In order to make ends meet, Ali’s children beg on the streets. They are dependent on charity from friends or relatives.
‘On our own’
Ali and his family fled their village Kayamla, a remote village in Konduga local government area of Borno, about ten years ago.
Today it is still dangerous and nobody has yet returned there.
Ali currently lives with his wife and five children at an uncompleted building in Dalori community along Bama Road. He moved there last year when the camp they were living in, NYSC IDP camp, was shut down by the Borno State government in an effort to resettle displaced people back to their original communities.
According to Ali, when the NYSC camp was shut down, they were all taken to Auno village, along Damaturu-Maiduguri Road.
“The government carried us to Auno and said they will give us a house but when we went there, me and my family did not get a house and a month later we travelled back to where we are now,” he said.
Ali paid ₦10,000 ($12.71) for rent in Auno for the period of their stay hoping to get the house the government promised them. “The commissioner visited us and gave us money to rent a house before they issued us a house, but we waited and nothing happened so we left,” Ali told HumAngle.
“Since our camp was closed, we did not have anywhere to go and our village is not safe yet so we stayed back,” Ali said.
He added: “We used to have access to food assistance and other forms of humanitarian aid when we were at the camp but, since it was closed, that was the end of it and we have been on our own.”
“Government should restore security and take us back to our villages where we own our own farmlands, cultivate and harvest it,” Ali said.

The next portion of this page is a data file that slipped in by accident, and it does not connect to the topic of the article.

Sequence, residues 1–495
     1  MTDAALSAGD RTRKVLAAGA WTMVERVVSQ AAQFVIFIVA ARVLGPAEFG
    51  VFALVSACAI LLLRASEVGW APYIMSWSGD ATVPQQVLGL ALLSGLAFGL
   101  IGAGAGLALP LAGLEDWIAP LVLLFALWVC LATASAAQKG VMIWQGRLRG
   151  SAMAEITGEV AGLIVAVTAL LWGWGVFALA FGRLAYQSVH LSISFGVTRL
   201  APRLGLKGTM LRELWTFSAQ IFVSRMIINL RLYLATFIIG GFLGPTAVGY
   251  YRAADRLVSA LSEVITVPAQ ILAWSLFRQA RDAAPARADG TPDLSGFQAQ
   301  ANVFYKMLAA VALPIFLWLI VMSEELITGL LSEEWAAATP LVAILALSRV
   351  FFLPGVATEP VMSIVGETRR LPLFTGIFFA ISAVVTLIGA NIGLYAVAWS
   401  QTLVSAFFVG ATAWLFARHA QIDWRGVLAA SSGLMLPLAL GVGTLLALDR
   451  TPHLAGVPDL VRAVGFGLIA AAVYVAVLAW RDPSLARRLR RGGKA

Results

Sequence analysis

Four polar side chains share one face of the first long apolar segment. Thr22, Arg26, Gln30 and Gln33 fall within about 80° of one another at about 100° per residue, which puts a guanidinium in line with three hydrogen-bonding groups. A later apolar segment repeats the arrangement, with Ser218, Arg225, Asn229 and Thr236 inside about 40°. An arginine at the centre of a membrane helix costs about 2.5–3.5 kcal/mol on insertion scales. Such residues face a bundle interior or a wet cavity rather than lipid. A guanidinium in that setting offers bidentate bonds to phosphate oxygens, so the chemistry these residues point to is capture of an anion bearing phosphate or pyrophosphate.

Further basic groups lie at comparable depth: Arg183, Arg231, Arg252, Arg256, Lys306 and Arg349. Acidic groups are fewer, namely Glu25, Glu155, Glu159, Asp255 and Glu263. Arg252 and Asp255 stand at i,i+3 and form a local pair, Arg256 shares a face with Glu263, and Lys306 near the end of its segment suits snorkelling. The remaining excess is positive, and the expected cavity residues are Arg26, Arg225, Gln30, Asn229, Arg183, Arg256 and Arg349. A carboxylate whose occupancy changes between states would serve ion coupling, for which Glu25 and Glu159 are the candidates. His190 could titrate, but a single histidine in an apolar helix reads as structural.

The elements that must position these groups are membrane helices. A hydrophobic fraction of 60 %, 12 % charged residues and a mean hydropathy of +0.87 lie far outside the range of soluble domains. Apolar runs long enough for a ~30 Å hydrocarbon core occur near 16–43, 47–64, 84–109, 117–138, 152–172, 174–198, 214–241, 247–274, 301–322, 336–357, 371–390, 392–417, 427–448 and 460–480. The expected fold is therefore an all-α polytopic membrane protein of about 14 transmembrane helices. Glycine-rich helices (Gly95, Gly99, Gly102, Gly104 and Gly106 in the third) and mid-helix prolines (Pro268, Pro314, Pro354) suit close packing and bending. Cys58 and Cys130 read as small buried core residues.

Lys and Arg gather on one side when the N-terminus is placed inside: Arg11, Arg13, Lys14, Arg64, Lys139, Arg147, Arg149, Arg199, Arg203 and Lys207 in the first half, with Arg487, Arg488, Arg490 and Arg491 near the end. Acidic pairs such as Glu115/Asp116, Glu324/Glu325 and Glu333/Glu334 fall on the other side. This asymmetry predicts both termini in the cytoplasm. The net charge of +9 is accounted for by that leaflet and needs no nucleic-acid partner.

Many Internally Displaced People have lived in rural areas all their lives. Living in urban areas is difficult for them. In times of humanitarian crises where access to food and shelter has become nearly impossible.
Living conditions for people who have been displaced from their homes, living in camps or makeshift shelters for almost a decade, are changing day by day, he says.
Ali and his family have struggled to find somewhere they can fit in. “There is no work in the city, we find it difficult to accommodate with the system, we don’t know people,” he said.
Alaji Mohammed, a 19-year-old man whose father and mother were killed by Boko Haram, also joined others on a quest to work on the farm to get money that he can use to provide food for his brothers.
He lives with his uncle, who is also displaced. Everyday is managing the little they get. “It is compulsory for me to work hard on the field and get paid. My uncle whom we stay with, cannot satisfy all his children, talk less of me and my three younger brothers. This is why I look for a job here and get money to complement my uncle’s effort” Alaji said.